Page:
DUBLIN, Aug 2 (Reuters) - A gay senator who was the front-runner to win Ireland's figurehead presidency quit the race on Tuesday after admitting he used his office to plead for clemency for a friend convicted of having sex with a minor.
David Norris, a charismatic scholar of Irish writer James Joyce, surged into the lead for the largely ceremonial role with the approval of 42 percent of voters in a July poll, surprising many in predominantly Roman Catholic Ireland.
But the admission that he asked an Israeli judge to be lenient on his Israeli former partner over a sexual relationship with a 15-year-old Palestinian boy, considered legally as rape, caused several former supporters to call for him to step aside.
Norris said he had made a mistake because the letter, sent from his office in Ireland's upper house of parliament in 1997, did not show sufficient compassion for the victim of the crime.
But he said he was proud that his campaign had shown that sexuality was no longer a barrier to high political office in Ireland.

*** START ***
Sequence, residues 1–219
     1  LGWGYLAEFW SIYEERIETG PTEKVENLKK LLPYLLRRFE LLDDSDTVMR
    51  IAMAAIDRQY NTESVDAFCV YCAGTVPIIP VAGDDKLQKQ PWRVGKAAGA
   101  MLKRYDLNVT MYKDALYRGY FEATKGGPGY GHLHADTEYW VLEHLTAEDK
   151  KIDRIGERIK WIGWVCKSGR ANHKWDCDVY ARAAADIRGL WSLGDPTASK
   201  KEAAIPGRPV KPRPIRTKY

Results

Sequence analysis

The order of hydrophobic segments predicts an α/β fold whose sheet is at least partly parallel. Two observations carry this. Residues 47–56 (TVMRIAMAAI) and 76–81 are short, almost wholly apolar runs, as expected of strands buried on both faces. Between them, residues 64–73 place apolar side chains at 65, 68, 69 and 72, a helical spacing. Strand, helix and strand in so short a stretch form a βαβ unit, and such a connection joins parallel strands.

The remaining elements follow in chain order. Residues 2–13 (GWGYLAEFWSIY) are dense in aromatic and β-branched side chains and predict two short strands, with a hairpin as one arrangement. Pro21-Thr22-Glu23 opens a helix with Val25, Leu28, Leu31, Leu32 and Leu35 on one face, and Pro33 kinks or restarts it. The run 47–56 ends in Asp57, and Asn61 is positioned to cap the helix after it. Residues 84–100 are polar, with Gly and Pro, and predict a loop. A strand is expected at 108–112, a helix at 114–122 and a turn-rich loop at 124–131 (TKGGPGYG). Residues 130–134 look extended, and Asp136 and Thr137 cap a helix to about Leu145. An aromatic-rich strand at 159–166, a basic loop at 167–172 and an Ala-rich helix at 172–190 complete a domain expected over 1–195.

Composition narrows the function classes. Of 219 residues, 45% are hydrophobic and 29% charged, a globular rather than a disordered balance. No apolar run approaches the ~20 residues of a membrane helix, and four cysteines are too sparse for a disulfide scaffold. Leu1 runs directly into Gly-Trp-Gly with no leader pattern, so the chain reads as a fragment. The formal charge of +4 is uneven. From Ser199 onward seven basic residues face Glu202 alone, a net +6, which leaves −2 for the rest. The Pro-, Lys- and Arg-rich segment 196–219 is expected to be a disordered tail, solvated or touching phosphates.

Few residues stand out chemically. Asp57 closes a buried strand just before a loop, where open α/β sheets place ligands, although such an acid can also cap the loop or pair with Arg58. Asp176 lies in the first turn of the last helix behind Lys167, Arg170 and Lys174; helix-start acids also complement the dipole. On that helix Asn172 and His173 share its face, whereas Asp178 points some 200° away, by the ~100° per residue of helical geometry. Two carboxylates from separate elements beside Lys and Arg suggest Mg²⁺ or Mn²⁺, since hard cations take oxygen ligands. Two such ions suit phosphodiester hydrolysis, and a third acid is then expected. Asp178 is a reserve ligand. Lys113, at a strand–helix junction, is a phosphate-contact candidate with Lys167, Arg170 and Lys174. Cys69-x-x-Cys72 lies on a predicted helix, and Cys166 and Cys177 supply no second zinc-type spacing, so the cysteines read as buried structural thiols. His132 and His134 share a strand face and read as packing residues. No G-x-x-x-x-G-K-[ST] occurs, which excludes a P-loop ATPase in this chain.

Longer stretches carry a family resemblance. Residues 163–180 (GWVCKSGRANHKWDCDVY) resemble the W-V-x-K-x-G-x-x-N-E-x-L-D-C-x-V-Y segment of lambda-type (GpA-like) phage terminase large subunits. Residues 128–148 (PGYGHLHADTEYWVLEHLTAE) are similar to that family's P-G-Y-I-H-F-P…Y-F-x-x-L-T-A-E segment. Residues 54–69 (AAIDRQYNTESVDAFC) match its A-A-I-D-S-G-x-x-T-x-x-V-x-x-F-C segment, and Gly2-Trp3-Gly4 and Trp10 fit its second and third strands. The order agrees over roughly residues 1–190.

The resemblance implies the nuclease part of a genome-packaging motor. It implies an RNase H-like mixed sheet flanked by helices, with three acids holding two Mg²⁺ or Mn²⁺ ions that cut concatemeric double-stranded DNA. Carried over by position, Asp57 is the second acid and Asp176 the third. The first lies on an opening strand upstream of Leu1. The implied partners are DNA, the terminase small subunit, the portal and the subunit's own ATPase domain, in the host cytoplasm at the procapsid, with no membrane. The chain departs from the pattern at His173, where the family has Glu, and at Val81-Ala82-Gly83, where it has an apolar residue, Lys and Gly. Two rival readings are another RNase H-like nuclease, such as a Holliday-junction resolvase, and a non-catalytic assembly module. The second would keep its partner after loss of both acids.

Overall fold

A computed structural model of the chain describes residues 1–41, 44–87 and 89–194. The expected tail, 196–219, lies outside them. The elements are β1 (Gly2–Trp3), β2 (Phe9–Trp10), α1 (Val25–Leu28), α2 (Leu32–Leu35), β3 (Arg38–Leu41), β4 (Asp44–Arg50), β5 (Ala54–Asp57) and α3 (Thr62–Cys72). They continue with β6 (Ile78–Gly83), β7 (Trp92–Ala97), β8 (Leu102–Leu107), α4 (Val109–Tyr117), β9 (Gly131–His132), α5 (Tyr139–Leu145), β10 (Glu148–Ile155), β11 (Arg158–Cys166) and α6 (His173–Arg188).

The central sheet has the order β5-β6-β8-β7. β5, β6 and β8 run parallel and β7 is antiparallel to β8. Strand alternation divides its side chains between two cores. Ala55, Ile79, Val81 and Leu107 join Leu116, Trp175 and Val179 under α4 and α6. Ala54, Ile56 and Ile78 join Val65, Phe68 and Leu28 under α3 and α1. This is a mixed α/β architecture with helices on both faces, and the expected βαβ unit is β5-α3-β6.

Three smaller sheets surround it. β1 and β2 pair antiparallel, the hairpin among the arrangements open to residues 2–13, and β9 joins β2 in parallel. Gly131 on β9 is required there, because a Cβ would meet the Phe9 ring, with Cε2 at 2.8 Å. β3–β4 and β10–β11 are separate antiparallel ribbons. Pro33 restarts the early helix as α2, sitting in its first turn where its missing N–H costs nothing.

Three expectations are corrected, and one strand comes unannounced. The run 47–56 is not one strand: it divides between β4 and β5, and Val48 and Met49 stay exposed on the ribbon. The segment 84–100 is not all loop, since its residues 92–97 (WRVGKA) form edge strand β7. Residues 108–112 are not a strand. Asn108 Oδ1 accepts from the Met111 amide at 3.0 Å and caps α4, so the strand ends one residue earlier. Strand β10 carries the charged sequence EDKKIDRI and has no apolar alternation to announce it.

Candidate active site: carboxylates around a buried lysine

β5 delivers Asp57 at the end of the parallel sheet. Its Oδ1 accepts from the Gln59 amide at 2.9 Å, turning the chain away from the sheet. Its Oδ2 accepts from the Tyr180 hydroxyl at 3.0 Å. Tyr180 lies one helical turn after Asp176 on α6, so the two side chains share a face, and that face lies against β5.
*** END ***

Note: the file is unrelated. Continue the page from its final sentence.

"I have... demonstrated that it is now possible for a gay person to be seen as a viable candidate for the highest office in the land," Norris told supporters outside of his Dublin home after announcing he would quit the race.
Homosexuality was decriminalised in Ireland in 1993, much later than in many other European countries, following a campaign led by Norris. Civil partnership for same-sex couples was legalised last year.
An estimated 25,000 people took part in Dublin's gay pride parade this year, which is the second largest procession in the country after the St. Patricks' Day parade.
Norris' campaign was also hurt by the republication of comments he made in 2002 defending the Ancient Greek attitude to paedophilia.
The comments did not have a significant effect on his poll ratings, but appeared to hamper efforts to secure the backing of Irish parliamentarians and county councils needed to get his name on the ballot.
The election to replace President Mary McAleese is due to take place in October.
(Reporting by Conor Humphries; Editing by Paul Taylor)
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